الخميس، 16 يونيو، 2011

Bin Laden deputy Zawahri to lead al Qaeda

By Sara Anabtawi Sara Anabtawi – Thu Jun 16, 1:12 pm ET
DUBAI (Reuters) – Al Qaeda's long-serving number two, Egyptian Ayman al-Zawahri, has taken over the leadership after the killing of Osama bin Laden, the group said on Islamist websites on Thursday.

Bin Laden's lieutenant and the brains behind much of al Qaeda's strategy, Zawahri vowed this month to press ahead with its campaign against the United States and its allies.

"The general leadership of al Qaeda group, after the completion of consultation, announces that Sheikh Dr. Ayman Zawahri, may God give him success, has assumed responsibility for command of the group," the network said in a statement posted on Islamist websites which it often uses.

A U.S. counter-terrorism official told Reuters the United States believed the announcement was genuine, but the State Department was dismissive of its significance. "Frankly, it barely matters," spokeswoman Victoria Nuland said.

The bespectacled Zawahri had been seen as bin Laden's most likely successor after the man held responsible for the September 11, 2001, attacks in New York and Washington was shot dead by U.S. commandos in Pakistan 45 days ago.

Zawahri's whereabouts are unknown, although he has long been thought to be hiding along the border between Afghanistan and Pakistan. The United States is offering a $25 million reward for any information leading to his capture or conviction.

In Washington, a senior U.S. official said Zawahri would have a hard time leading the Islamist group "while focusing on his own survival."

"He hasn't demonstrated strong leadership or organizational skills during his time in AQ," the official said. "Unlike many of AQ's top members, Zawahri has not had actual combat experience, instead opting to be an armchair general with a 'soft' image."

"LACKS BIN LADEN PRESENCE"

Sajjan Gohel of Asia-Pacific Foundation security consultants said Zawahri had been in practical charge of al Qaeda for many years, but lacked bin Laden's presence and his "ability to unite the different Arab factions within the group."

Fawaz Gerges, a Middle East expert at the London School of Economics, said al Qaeda's militants in south Asia were "on the run," its leaders were deep in hiding, and a new leader would do little to help reverse their fortunes.

As for its branches in other parts of the world, they were "pitted in a fierce local struggle for survival...and are unable to coordinate their actions with the parent organization."

Others see Zawahri as capable.

"He is an able person," Pakistani Taliban spokesman Ehsanullah Ehsan said by telephone from an undisclosed location.

"We have been cooperating with al Qaeda in the past and that cooperation will continue in future," he told Reuters.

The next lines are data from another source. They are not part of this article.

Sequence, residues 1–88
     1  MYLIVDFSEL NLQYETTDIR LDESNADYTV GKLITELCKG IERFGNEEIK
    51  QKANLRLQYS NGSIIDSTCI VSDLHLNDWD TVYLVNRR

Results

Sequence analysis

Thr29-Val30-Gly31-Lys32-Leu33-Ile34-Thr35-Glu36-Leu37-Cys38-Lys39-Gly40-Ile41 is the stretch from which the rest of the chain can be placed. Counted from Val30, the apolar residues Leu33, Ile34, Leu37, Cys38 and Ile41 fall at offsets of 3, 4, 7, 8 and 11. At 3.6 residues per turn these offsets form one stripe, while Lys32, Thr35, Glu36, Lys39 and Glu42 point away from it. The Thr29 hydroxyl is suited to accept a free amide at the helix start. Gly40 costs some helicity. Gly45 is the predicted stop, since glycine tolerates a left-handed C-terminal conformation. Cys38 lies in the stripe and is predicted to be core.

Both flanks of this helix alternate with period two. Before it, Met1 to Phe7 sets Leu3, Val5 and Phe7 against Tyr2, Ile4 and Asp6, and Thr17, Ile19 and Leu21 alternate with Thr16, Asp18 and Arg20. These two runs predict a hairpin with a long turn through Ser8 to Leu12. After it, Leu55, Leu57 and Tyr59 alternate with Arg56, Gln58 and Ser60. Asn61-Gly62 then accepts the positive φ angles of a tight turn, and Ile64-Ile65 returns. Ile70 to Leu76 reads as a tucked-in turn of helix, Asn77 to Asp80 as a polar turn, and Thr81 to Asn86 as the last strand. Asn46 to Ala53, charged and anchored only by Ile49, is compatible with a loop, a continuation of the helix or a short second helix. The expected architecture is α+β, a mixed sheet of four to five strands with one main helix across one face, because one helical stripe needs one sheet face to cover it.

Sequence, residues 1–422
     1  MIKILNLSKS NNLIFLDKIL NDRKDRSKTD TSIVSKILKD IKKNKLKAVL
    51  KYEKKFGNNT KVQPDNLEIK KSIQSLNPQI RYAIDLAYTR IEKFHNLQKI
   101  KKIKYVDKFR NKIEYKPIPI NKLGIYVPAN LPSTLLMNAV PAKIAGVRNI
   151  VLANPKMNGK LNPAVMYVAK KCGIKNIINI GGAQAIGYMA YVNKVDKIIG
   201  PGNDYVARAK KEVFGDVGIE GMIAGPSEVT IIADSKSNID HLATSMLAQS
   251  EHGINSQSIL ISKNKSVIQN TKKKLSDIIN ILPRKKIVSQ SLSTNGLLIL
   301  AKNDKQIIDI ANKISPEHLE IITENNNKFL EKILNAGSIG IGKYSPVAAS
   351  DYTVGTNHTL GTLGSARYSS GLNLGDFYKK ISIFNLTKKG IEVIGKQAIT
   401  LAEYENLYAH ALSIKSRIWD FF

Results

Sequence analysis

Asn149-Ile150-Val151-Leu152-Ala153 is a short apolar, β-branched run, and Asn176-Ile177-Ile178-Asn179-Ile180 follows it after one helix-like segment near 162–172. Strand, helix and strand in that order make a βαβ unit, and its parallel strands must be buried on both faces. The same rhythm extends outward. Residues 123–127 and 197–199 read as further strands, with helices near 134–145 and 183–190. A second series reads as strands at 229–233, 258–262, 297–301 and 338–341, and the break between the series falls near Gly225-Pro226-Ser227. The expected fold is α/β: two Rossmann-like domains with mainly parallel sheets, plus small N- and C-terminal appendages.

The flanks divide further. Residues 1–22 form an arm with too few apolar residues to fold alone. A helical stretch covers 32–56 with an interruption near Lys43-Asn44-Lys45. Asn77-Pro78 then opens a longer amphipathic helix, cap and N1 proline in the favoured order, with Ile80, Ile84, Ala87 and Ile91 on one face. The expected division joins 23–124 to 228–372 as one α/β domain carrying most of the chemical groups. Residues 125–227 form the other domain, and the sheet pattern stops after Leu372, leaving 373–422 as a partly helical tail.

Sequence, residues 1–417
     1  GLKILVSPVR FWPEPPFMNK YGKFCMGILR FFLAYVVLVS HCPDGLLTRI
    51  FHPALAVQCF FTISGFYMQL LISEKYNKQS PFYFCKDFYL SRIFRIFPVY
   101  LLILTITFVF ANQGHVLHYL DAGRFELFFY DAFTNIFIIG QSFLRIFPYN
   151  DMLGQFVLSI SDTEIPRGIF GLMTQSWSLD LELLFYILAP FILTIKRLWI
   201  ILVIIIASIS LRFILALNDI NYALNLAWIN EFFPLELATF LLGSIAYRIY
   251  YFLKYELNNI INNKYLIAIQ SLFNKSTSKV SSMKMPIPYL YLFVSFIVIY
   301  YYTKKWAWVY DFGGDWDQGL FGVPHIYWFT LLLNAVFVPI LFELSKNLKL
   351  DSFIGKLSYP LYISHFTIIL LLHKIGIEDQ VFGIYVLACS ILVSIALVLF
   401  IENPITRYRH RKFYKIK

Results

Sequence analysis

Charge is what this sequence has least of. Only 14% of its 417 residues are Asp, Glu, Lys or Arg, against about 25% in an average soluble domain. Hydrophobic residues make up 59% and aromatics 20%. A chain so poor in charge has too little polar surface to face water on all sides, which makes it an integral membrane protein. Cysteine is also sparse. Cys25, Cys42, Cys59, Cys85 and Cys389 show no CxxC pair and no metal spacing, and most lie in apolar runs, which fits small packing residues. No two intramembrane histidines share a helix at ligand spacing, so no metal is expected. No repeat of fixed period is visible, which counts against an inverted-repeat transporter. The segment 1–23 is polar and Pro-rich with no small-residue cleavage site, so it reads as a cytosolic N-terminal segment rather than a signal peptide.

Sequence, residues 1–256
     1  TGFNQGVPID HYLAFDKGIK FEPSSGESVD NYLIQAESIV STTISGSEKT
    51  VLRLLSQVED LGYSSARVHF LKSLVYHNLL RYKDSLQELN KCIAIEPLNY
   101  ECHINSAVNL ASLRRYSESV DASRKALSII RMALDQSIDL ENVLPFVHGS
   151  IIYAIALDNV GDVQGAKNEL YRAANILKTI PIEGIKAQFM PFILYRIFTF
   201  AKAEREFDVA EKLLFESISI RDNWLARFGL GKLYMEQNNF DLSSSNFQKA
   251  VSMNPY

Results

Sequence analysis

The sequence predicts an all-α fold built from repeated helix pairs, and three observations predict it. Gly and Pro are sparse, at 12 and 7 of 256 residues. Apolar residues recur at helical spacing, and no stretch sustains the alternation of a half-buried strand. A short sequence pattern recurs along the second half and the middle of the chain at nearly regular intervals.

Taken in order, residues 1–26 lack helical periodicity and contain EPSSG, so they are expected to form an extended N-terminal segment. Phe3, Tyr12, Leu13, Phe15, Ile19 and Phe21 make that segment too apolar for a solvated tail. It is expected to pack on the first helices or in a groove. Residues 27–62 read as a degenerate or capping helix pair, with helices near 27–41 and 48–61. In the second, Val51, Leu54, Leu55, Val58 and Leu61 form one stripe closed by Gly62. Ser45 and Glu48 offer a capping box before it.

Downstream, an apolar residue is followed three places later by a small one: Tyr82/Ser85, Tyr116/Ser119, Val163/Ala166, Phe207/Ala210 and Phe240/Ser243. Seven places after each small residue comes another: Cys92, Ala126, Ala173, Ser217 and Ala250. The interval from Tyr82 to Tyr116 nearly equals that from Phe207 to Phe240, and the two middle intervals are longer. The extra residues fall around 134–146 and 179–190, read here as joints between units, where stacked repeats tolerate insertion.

When asked how Zawahri's appointment would affect the Pakistani Taliban, the spokesman said: "We have been carrying out our activities which, God willing, will gather more momentum. We will get revenge for the oppression by the West."

The Pakistani Taliban, which has close links to al Qaeda, is blamed for many suicide bombings across Pakistan. It also has ambitions to take its fight overseas. The group claimed responsibility for a botched bombing in New York in May 2010.

London-based journalist Abdel-Bari Atwan, who interviewed bin Laden in 1996, said Zawahri was the "operational brains" behind al Qaeda and was respected in part because he had been bin Laden's chosen deputy.

A contributor to another Islamist militant website, al-Ansar, said: "A worthy successor to a great predecessor. We ask God to grant you and your soldiers success for the victory of Islam and Muslims and to raise the banner of religion."

"AGENTS OF AMERICA"

Believed to be in his late 50s, Zawahri met bin Laden in the mid-1980s when both were in Pakistan to support guerrillas fighting Soviet forces in Afghanistan. Born to an upper-class Cairo family, Zawahri trained as a doctor and surgeon.

In a video message posted on the internet on June 8, Zawahri said al Qaeda would continue to fight. He called this year's Arab uprisings a disaster for Washington because, he said, they would remove Arab leaders who were the "agents of America."

He also pledged allegiance to the leader of the Afghan Taliban, Mullah Omar, calling him "Emir of the Believers."

Among some Egyptians there was disdain at the news that their countryman had taken charge of al Qaeda.

Karim Sabet, 34, a director of an oil and gas start-up firm, said he was not surprised by the announcement.

"He's been the loyal No. 2 forever. Zawahri seems even more of a madman than Osama was, and he'll want to prove himself by going on the attack soon. Another devil killing in the name of Islam. Disgusting."

(Reporting by Sara Anabtawi, Isabel Coles and Cairo bureau, William Maclean in London, Matt Spetalnick in Washington and Saud Mehsud in Dera Ismail Khan; Writing by Reed Stevenson; Editing by Mark Trevelyan)

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